ACOG Issues Guidelines for Care of Women With HIV

27 percent of HIV-positive/AIDS cases in U.S. are women, most in reproductive years

TUESDAY, Nov. 23 (HealthDay News) -- In the face of rising numbers of HIV-positive women in the United States, many of them of reproductive age, the American College of Obstetricians and Gynecologists (ACOG) has issued a set of new guidelines to assist Ob-Gyns in delivering optimal care to this population. The guidelines have been published in the December issue of Obstetrics & Gynecology.

Women make up 27 percent of all HIV/AIDS cases in the United States, up from only 7 percent in 1985, according to ACOG. The majority of these women acquired the virus through heterosexual contact, and black and Hispanic women are disproportionately affected, the guidelines note. Because most of these women are in their reproductive years, many Ob-Gyns who have not previously seen HIV-positive women in their practices will soon be seeing them. ACOG issued the guidelines to assist practitioners with preventive and ongoing care for these women.

ACOG recommends routine HIV screening for all women aged 19 to 64, with yearly re-testing for women at ongoing risk of HIV infection. All sexually transmitted diseases (STDs) should be aggressively treated to decrease the increased shedding of HIV associated with active STDs. The guidelines also discuss optimal contraceptive methods to prevent transmission of disease and pregnancy, and outline optimal care of both pregnant and menopausal women with HIV.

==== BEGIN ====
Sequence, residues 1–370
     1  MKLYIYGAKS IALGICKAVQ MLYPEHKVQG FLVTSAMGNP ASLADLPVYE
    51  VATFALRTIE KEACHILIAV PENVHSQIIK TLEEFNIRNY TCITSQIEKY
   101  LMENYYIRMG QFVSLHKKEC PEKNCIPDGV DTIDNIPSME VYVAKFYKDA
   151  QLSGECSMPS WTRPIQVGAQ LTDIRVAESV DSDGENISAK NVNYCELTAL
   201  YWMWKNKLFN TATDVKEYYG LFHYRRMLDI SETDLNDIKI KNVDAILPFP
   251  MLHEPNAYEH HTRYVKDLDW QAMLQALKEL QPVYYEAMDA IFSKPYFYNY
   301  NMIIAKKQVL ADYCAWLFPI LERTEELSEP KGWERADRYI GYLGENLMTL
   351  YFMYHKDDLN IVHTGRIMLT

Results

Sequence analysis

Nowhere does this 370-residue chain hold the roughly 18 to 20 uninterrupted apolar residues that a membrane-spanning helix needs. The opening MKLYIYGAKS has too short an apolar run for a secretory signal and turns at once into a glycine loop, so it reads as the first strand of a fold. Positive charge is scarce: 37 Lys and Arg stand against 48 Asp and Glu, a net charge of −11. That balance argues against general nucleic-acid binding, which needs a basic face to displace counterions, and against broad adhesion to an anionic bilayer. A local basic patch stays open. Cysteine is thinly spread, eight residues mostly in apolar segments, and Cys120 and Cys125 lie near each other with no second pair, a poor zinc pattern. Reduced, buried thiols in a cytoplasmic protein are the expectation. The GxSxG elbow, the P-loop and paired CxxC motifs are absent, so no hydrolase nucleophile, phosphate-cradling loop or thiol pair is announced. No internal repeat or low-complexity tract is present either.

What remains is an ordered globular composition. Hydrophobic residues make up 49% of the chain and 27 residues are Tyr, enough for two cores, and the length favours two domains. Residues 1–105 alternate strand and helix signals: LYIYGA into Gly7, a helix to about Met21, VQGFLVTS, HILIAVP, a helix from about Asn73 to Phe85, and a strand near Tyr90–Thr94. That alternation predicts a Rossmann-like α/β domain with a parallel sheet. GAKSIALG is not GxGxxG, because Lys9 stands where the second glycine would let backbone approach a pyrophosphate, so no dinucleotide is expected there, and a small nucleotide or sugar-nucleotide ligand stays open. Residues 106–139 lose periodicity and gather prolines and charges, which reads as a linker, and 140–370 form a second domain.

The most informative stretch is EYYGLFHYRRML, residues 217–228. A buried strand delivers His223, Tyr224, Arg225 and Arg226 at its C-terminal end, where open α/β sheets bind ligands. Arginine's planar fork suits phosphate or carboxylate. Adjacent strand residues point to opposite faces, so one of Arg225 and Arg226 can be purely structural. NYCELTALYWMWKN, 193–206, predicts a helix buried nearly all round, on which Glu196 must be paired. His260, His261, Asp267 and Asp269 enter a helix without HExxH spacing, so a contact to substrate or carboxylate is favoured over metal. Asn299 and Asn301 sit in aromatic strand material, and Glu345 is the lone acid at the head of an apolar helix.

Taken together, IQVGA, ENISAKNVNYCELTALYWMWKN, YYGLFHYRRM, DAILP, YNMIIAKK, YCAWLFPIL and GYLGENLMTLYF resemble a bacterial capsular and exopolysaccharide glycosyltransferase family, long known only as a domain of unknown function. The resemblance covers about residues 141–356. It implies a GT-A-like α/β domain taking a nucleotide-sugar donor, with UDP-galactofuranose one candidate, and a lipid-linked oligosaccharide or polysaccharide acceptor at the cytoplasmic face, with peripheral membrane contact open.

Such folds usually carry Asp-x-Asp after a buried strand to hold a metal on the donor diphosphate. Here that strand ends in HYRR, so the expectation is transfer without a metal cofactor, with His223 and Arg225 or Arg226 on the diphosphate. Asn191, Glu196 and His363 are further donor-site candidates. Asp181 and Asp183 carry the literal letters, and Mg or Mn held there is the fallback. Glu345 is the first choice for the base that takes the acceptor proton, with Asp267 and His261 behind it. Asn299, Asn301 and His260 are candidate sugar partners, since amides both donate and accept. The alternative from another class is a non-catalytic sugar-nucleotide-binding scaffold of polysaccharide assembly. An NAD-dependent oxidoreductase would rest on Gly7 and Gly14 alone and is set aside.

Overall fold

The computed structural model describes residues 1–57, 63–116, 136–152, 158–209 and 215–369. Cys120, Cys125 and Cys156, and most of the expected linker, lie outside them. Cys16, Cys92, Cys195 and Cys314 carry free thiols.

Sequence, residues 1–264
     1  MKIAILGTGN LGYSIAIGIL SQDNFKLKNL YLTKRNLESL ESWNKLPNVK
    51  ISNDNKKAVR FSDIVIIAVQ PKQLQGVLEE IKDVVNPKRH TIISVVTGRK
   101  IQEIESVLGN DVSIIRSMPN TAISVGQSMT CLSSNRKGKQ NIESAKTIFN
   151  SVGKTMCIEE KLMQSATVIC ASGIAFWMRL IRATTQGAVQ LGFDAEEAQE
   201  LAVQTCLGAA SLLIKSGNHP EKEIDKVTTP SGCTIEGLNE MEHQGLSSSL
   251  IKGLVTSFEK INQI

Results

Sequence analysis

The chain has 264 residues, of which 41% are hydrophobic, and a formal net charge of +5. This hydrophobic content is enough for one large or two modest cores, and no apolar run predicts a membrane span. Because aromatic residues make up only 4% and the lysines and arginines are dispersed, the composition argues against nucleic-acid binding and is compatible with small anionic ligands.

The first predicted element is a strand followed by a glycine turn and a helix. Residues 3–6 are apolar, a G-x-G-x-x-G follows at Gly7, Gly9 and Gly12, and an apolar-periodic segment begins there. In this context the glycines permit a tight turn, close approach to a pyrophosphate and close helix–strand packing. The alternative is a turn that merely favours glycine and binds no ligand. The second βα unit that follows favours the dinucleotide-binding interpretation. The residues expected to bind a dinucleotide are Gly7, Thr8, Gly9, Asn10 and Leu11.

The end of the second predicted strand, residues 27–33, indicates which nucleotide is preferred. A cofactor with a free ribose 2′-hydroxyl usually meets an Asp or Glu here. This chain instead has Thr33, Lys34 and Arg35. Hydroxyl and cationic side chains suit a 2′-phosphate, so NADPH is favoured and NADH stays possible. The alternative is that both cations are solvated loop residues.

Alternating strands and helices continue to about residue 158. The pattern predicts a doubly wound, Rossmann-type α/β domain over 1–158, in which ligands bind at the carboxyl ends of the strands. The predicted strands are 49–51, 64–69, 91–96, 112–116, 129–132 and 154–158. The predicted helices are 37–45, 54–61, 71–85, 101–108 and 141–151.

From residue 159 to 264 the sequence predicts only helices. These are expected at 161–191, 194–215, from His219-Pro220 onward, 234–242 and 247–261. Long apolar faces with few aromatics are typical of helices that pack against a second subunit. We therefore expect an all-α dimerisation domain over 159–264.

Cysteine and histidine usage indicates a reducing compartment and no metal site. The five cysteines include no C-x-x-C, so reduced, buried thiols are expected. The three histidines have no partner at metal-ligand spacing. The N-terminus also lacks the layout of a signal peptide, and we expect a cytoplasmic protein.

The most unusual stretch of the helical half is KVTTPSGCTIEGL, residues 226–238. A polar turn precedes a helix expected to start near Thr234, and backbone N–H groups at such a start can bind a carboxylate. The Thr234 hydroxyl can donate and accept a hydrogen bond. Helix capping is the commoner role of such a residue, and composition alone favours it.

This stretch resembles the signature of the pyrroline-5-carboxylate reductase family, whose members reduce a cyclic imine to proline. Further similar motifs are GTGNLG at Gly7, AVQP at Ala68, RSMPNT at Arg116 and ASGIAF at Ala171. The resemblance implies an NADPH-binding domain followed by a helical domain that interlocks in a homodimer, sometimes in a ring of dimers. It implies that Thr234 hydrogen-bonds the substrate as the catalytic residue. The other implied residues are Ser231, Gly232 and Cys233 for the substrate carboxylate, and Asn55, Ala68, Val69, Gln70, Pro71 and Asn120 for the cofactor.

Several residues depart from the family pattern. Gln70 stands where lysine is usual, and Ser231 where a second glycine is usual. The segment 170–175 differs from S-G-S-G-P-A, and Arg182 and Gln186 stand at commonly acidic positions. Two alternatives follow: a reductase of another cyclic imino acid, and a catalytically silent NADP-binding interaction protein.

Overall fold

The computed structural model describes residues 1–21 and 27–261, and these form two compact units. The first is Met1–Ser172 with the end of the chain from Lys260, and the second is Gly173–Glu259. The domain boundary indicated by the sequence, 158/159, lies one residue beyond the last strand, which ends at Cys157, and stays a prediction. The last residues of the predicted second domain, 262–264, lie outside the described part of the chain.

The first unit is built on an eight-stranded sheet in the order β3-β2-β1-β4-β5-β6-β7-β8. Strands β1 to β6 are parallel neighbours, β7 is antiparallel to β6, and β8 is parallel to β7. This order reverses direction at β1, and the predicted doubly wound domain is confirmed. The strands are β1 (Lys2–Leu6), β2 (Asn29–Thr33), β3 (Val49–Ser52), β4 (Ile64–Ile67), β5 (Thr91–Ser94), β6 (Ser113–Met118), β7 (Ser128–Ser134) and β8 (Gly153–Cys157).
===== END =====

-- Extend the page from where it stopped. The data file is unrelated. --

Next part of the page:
"Most of the women living with HIV today in the United States are in their prime reproductive years," Hal C. Lawrence, M.D., vice president of practice activities for ACOG, said in a statement. "As the number of women with HIV diagnoses increases, Ob-Gyns will -- if they haven't already -- begin to see more patients who are HIV-positive. These guidelines cover the recommended health screenings, counseling, and routine gynecologic care for these women."

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